A major theme of this blog is to point out that mobile devices are the core tool for learning in the 21st century. While speculation about what kids should have goes on and on, what they DO have is far more illuminating—and disheartening.
The two paragraph at the end of this post are from a New York Times article today titled Back to School, With Cellphone and Laptop. The paragraphs I picked are about elementary school children. From reading them we get the mental picture of a pre-teen child with a cellphone in one pocket and a flash drive in another. (I was at a conference recently where one of the Ph.D.s was complaining that he had lost three flash drives already that day; they are about the size of a half a stick of gum.)
Some of the questions the image of mobile phone, flash drive toting children bring to mind are:
What about kids who don’t have a flash-drive receiving computer at home?
Why isn’t the flash drive built into the mobile phone?
If the flash drive were built into the mobile phone, would we make sure the kid can study those files on that mobile device?
Why are the school files he uses not accessible through the Internet so he can use them from home, the library, etc.?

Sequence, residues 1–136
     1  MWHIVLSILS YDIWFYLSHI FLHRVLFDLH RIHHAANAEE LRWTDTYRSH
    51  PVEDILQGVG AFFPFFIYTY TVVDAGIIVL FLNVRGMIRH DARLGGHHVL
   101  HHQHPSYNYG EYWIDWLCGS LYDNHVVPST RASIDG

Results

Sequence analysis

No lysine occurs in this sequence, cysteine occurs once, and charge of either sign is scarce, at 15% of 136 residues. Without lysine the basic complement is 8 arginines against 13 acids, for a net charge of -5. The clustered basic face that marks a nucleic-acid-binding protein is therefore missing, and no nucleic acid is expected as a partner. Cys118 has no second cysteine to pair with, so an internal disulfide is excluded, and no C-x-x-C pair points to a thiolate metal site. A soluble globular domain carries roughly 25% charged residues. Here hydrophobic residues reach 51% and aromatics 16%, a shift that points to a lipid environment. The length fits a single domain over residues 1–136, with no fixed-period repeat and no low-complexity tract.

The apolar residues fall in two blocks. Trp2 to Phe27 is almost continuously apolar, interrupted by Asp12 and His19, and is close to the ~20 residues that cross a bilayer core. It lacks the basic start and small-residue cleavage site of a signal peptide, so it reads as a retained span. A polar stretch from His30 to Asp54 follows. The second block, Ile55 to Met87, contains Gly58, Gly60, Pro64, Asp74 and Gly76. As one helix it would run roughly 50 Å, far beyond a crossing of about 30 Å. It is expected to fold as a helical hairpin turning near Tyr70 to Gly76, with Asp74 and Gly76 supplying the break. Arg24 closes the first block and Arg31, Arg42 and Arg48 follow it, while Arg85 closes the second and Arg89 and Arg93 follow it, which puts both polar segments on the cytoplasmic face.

Why doesn’t her mobile phone have Internet access so she could study her files on the bus (if they were on the Internet)?
Why are the hundreds of dollars worth of printed study resources still in the child’s backpack if she is carrying her study stuff on her flash drive. An expensive redundancy here?
Why is the education establishment so far behind on the digital convergence curve? Why!
New York Times article quotes:
The LG Migo VX1000 . . . . is a child-friendly, simple phone: no text messaging, no games and no camera. It is also very small and light, well suited for child-size hands. The Migo has only four numbered buttons, which can dial four preprogrammed phone numbers. Those numbers cannot be changed without a password. To place a call, the child simply presses one of the numbered keys and the talk button. In the middle of the phone pad is a large key for emergency calls.
Catherine Poling, the assistant principal at Kemptown Elementary School, near Frederick, Md., suggests that students also get a flash drive for portable storage of their computer files.“With the volume of files that students work on, including video and images, it would be helpful if they all had a mass storage device to transport files between home and school. . . .”